Definition

de facto standard

Part of the IT standards and organizations glossary:

A de facto standard is something that is used so widely that it is considered a standard for a given application although it has no official status.

Here are a few examples of de facto standards:

  • The QWERTY keyboard layout is the standard pattern in countries that use a Latin-based alphabet. 
  • Microsoft’s Windows operating system, along with commonly used business applications such as Microsoft Word and Excel, has long been the de facto standard for business and home users.
  • A breadcrumb trail is a de facto standard website navigation tool that allows a user to see where the current page is in relation to the website's hierarchy. 

De facto standards contrast with de jure standards, which have official status as confirmed by a standards organization.  De facto standards can also become de jure standards over time as, for example, HTML and PDF have done.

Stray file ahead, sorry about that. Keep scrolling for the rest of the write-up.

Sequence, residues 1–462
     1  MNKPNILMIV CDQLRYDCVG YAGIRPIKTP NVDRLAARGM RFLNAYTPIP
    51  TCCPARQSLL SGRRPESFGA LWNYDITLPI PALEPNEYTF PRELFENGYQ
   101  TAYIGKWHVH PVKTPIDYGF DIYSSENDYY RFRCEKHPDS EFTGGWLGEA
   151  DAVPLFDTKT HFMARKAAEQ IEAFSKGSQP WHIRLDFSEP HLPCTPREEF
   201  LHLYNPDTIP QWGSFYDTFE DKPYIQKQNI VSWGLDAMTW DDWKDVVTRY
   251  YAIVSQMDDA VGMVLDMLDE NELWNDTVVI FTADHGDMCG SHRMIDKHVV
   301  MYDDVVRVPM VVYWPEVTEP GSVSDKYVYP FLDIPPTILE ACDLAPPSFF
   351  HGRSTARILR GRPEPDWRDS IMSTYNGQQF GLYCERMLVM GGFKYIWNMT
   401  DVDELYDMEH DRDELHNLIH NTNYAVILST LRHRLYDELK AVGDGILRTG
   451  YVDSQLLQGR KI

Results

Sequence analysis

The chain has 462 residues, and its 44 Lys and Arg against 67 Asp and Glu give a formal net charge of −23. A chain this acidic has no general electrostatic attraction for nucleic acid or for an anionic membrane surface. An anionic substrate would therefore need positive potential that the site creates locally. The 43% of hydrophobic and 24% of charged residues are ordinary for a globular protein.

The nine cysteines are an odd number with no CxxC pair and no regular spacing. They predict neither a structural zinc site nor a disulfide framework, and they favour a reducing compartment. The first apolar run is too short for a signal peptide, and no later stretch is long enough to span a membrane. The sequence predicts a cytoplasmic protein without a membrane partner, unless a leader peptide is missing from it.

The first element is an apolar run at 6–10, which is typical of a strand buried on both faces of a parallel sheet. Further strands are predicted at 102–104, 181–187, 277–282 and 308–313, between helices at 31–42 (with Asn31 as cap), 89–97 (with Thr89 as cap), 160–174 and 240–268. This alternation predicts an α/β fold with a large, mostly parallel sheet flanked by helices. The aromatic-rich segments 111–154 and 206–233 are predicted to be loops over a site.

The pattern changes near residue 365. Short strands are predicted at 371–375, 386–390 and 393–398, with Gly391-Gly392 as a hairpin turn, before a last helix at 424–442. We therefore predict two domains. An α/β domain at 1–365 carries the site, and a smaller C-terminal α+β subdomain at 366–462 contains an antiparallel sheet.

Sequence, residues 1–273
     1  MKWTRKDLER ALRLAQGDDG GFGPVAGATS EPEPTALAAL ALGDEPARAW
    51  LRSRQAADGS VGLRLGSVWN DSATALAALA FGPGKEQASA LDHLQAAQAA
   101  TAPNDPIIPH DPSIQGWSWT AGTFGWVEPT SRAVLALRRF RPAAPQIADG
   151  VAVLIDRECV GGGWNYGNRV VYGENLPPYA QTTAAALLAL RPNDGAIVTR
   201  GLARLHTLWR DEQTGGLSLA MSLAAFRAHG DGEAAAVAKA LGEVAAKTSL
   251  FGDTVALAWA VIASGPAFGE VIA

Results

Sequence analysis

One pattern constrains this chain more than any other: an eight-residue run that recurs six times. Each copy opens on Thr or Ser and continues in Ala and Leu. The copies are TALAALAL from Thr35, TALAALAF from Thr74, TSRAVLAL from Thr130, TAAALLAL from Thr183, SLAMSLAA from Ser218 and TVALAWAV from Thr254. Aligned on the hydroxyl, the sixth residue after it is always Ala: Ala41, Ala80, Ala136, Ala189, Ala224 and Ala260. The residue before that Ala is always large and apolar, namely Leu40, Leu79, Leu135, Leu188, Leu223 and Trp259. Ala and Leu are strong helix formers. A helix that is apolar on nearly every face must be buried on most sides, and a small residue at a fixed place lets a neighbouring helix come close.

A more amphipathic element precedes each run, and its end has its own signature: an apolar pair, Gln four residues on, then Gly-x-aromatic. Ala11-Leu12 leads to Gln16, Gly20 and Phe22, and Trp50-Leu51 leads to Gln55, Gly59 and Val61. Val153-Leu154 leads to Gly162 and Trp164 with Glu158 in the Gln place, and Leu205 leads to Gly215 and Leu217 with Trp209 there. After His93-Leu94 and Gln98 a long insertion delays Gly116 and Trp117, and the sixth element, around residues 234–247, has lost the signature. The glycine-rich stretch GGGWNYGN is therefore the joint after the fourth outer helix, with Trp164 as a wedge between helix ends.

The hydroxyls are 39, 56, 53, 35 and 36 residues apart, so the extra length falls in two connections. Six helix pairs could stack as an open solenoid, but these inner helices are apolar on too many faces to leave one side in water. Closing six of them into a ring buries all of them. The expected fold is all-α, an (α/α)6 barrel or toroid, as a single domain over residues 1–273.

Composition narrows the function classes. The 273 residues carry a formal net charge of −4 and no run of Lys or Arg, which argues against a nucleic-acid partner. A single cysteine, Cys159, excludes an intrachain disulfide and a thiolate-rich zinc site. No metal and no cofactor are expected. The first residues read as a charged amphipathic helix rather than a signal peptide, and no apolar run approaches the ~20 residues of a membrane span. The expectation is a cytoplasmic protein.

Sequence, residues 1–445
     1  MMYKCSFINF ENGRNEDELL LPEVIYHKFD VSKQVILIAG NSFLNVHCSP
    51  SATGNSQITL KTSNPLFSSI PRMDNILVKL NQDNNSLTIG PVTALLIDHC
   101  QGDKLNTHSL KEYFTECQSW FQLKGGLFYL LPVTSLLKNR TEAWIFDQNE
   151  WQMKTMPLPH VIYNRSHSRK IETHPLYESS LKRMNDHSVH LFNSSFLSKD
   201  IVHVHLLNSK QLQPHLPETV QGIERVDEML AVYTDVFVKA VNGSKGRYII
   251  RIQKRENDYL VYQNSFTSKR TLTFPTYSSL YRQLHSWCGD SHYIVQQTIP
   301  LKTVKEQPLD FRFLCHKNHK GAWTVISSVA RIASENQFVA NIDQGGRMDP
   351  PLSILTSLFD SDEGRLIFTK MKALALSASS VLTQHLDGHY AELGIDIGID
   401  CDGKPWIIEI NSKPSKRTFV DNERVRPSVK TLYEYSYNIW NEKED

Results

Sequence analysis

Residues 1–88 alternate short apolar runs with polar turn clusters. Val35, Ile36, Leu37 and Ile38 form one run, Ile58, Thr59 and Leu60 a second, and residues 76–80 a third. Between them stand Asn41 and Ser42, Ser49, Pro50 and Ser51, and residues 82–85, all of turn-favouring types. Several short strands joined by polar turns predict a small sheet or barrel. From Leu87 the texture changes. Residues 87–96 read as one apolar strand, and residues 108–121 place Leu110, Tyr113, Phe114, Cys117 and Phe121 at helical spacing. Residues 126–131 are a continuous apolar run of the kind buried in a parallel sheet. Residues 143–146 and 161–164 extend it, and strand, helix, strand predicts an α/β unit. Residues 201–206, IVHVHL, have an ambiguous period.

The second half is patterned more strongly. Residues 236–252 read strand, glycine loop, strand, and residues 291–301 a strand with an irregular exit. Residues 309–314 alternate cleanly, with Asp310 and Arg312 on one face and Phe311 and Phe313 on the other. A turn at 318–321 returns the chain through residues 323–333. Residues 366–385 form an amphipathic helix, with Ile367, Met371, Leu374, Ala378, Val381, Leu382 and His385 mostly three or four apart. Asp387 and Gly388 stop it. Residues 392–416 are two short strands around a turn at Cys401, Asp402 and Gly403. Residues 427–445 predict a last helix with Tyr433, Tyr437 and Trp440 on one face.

De facto, from Medieval Latin, means from fact.

This was last updated in February 2014
Contributor(s): Ivy Wigmore
Posted by: Margaret Rouse

Related Terms

Definitions

Glossaries

  • IT standards and organizations

    - Terms related to information technology (IT) standards, including definitions about IT organizations and words and phrases about policies and compliance.

  • Internet applications

    - This WhatIs.com glossary contains terms related to Internet applications, including definitions about Software as a Service (SaaS) delivery models and words and phrases about web sites, e-commerce ...

Ask a Question. Find an Answer.Powered by ITKnowledgeExchange.com

Ask An IT Question

Get answers from your peers on your most technical challenges

Ask Question

Tech TalkComment

Share
Comments

    Results

    Contribute to the conversation

    All fields are required. Comments will appear at the bottom of the article.